UNITED NATIONS – Highlighting the urgent need for partnerships addressing the growing challenge of hunger, WFP and the Millennium Villages project have announced plans to expand joint action to cut hunger and malnutrition across Africa. Read news release
“The hungry and malnourished cannot wait,” said WFP’s Executive Director Josette Sheeran at a press conference at the United Nations in New York.
“We must act now to build the partnerships and take the comprehensive steps necessary to win this fight. No one organization can do it alone, and we will leverage a growing collaboration with the Millennium Villages project to deliver powerful solutions to malnutrition.”
The two partners will work to establish “undernourishment-free zones” in Millennium Villages and ensure the poorest people have access to sufficient, nutritious food. Currently, there are 80 Millennium Villages in 10 countries.
The Millennium Villages Project works with poor rural communities to apply policies and interventions that have been proven to work. Approaches are recommended by the UN Millennium Project and fine-tuned according to on-the-ground knowledge and experience.
"Hunger stands at the core of extreme poverty," said Professor Jeffrey Sachs, Director of the Earth Institute at Columbia University and Special Advisor to the UN Secretary General.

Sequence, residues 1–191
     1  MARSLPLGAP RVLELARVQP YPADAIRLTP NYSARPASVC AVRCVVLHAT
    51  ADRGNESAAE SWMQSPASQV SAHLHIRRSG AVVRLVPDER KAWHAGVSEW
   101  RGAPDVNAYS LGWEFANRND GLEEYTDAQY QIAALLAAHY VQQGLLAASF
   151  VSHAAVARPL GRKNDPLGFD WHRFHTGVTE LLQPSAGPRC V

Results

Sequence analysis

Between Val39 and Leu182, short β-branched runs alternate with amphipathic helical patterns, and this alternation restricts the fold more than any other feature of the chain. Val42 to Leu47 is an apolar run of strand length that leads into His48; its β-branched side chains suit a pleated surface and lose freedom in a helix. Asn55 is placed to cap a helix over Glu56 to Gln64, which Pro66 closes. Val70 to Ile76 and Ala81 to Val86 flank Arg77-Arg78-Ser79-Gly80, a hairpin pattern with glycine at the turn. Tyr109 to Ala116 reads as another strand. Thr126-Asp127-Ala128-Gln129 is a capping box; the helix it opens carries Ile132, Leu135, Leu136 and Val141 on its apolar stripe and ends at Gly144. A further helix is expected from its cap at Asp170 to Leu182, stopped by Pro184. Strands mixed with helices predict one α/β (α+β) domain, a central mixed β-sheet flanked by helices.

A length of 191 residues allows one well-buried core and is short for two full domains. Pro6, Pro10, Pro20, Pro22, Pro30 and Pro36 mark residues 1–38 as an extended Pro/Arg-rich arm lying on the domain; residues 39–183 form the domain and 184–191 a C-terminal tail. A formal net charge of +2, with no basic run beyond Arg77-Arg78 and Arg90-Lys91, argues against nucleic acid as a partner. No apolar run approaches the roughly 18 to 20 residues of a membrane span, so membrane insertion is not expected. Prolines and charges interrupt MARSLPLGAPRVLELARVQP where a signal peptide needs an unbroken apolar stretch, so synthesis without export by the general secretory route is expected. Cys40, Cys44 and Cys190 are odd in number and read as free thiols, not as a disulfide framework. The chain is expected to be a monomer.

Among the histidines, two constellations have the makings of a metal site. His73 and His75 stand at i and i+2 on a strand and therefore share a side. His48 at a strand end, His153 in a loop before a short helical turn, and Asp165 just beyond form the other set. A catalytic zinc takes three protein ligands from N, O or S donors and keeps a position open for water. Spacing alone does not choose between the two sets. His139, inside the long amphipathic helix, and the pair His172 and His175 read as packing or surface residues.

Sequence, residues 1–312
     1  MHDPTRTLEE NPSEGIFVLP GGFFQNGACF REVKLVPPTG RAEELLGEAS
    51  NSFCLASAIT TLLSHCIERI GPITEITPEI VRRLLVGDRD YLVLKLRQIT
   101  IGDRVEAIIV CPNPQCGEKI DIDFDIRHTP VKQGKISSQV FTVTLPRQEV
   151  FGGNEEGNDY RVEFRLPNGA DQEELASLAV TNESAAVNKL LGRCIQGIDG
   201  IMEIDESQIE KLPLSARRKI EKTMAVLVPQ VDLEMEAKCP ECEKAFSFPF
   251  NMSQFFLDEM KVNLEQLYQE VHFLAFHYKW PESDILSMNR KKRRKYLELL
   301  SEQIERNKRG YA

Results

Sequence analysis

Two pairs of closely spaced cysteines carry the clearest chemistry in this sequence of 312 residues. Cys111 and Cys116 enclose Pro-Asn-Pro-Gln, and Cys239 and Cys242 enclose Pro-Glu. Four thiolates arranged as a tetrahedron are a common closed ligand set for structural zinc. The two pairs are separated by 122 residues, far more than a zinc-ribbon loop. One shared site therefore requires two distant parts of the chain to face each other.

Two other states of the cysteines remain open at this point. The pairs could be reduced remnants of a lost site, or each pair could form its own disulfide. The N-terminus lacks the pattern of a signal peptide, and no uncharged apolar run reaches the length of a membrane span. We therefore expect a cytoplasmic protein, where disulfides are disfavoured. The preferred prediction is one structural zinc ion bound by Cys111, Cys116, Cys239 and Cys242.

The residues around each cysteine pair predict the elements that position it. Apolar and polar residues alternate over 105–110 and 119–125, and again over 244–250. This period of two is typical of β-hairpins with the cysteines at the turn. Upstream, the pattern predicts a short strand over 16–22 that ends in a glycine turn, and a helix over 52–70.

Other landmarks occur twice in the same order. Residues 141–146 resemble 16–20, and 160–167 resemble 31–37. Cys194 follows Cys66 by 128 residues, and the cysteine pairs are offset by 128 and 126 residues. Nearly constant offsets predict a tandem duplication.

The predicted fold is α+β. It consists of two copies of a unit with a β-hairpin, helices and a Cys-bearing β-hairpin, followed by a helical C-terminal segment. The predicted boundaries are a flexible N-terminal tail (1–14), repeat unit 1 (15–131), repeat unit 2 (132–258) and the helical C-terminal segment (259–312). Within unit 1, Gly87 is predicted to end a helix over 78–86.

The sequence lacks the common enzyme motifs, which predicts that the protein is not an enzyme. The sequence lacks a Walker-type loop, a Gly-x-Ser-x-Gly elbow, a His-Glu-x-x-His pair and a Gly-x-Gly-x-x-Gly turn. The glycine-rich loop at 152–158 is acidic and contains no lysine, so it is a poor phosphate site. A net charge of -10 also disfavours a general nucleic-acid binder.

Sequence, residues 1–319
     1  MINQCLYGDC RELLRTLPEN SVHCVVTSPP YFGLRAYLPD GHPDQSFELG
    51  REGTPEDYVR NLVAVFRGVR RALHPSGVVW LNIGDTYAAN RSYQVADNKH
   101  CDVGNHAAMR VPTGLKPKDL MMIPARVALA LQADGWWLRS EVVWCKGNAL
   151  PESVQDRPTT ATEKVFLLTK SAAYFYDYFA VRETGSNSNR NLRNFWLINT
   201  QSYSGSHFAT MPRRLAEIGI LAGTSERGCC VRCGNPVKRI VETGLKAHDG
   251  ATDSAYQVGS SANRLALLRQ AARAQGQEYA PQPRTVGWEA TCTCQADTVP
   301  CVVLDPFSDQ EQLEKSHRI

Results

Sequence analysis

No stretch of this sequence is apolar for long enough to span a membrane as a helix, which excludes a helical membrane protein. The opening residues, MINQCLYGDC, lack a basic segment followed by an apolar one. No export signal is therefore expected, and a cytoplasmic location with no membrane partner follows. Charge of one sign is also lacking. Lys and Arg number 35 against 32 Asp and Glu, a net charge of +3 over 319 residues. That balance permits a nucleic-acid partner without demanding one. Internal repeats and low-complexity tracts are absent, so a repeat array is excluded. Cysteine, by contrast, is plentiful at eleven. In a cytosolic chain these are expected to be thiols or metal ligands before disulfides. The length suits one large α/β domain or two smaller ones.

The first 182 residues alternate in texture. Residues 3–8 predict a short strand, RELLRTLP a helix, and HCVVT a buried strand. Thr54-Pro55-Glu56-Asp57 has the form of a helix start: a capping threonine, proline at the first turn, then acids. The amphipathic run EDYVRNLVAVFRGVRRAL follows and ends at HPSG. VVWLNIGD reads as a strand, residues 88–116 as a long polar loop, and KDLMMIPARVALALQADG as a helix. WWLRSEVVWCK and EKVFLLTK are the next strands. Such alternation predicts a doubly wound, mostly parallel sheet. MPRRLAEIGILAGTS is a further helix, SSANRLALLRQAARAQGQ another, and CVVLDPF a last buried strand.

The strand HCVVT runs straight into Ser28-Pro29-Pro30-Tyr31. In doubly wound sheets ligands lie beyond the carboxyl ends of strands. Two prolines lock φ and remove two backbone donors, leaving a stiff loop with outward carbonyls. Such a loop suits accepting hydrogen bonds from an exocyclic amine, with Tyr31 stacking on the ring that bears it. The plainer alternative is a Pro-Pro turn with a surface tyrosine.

“The Millennium Villages will carry out the exciting interventions pioneered by WFP, and demonstrate that hunger and under-nutrition can be cut decisively through proven measures in agriculture, school meals, nutritional supplementation, food-for-work programs to build infrastructure, and other powerful WFP tools," he continued.
Josette Sheeran, in a speech at Millennium Promise event hosted by Jeffrey Sachs on September 21 in New York.
Meet nutritional needs
The new partnership aims to ensure universal school meal coverage for children in primary schools within Millennium Village clusters, to find the best way of meeting the nutritional needs of children affected by HIV/AIDS, tuberculosis and other pandemics, and to help smallholder farmers to boost productivity and incomes.
At present one in six people worldwide do not have enough to eat. Global recession and continued high commodity prices across much of the developing world increasingly have put food beyond the reach of the poorest and most vulnerable. Climate change and weather-related disasters threaten to further spread misery and deprivation.
Hunger is the underlying cause of death for 3.5 million children worldwide every year. Africa remains the only region where undernourishment and child mortality rates have increased. Working closely governments, civil society, the UN and the private sector, the partnership will apply coordinated, science-based, emerging best-practices in nutrition and food security.